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Wondering what to take on the road when it has to do with electronics? Walking to a hostel common room today, you would be forgiven for thinking you’d accidentally stumbled […]
Wondering what to take on the road when it has to do with electronics? Walking to a hostel common room today, you would be forgiven for thinking you’d accidentally stumbled into the local electronics shop. You are likely to be surrounded by notebooks and tablet computers, smartphones and DSLRs, and much more softly glowing Apple logos than you can shake a stick at.
Often unsure of what they truly want, people end up carrying far more tech equipment on the street than they ought to. After several years of traveling and working online though, I have figured out what works, what does not, and what you actually need.
With the disappearance of Internet cafes and the incidence of free Wi-Fi in places all over the world, a notebook is definitely worth considering for your next trip. It is the easiest method of staying in touch, backing up photos, and passing the time on those long flights or bus rides.
I use mine to operate from the street, so I went for something relatively powerful, but for more average usage, a thin and light notebook like an Ultrabook (e.g., Dell XPS 13) or a Macbook Air can offer whatever you want at a lower weight and (possibly ) cost.
If I did not work online, I would ditch the notebook and take a tablet instead. Smaller, lighter, cheaper, and with better battery life compared to a notebook, the most well-known example is Apple’s famous iPad (miniature or full-size).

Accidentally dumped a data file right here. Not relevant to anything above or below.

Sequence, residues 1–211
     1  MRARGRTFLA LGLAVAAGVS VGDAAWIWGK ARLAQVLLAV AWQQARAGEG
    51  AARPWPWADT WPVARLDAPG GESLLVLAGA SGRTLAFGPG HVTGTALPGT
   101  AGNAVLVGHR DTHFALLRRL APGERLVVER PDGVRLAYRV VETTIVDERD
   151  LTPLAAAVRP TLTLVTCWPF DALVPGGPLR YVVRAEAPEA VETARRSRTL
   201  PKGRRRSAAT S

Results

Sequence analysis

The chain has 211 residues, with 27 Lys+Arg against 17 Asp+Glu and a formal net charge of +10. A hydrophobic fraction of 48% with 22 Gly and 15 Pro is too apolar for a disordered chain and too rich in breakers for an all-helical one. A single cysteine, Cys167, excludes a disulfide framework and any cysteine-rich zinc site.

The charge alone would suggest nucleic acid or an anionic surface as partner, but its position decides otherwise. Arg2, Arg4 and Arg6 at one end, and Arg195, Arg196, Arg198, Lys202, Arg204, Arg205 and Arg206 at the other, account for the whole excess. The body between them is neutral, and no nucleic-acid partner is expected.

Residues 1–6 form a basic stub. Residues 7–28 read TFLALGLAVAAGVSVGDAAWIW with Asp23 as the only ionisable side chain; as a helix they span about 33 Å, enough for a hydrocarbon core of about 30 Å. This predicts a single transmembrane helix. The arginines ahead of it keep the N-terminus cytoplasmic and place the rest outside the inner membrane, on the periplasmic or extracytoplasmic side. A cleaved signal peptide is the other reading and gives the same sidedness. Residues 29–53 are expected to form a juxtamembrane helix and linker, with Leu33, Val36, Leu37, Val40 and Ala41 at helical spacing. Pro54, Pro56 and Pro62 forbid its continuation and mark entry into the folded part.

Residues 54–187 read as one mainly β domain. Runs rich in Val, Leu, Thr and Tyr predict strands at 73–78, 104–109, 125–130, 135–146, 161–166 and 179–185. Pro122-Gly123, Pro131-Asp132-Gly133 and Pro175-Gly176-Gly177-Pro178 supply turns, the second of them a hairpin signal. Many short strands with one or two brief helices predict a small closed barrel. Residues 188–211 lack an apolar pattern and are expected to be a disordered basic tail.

While both of these will do the job for a traveler, the best value for money right now is in the Android variety. A Samsung Galaxy Tab S4 is my recommendation.
To back up your photos, both Apple and Android devices allow you to plug in an external SD card reader, so select one of these up as well.
It has quickly become an indispensable item of travel technology, together with all my music, photos, programs, and entertainment stored on the microSD card, and it was cheaper and easy to edit.
I made sure to purchase the unlocked version of my phone, meaning I can use a prepaid SIM card anywhere in the world and benefit from considerably cheaper calling and data rates. Your cellular company in your home will charge incredibly high rates if you use your usual number abroad, which makes roaming calls and information prohibitively costly for most travelers.
Changing to a local mobile company when you arrive at a state can save you a small fortune. I personally know people who accidentally abandoned data enabled when on holiday for a week and came home to a charge of several thousand dollars. If you can not unlock your phone and have to use it while traveling, at least turn the data link off to decrease the pain.
I resisted buying an e-book reader for quite a long time. I am a physical book kind of guy. However, now that I have made the jump to a Kindle, I am quite delighted with it.
It’s incredibly small and light, more so than even just a tiny paperback, and can save hundreds of books, travel guides, and anything else I might want. I picked up the Kindle Paperwhite 3G, which costs more than the Wi-Fi-only variant, but the ability to get fresh novels from anywhere with mobile phone coverage is invaluable.
Many e-readers now include web browsers and the ability to download programs, which makes them more of a cross between a tablet and an e-reader. These versions usually are not as good to read on though because there’s a great deal more screen glare.
I considered a tablet rather than an e-reader, but for studying on the street there was really no competition. The battery life is measured in weeks instead of hours, the display is so far better in sunlight, and I will happily lie on the beach without worrying about it.
Thanks to a cheap case I purchased off eBay, it looks like a plain laptop if I want to pull it out on the road to check directions.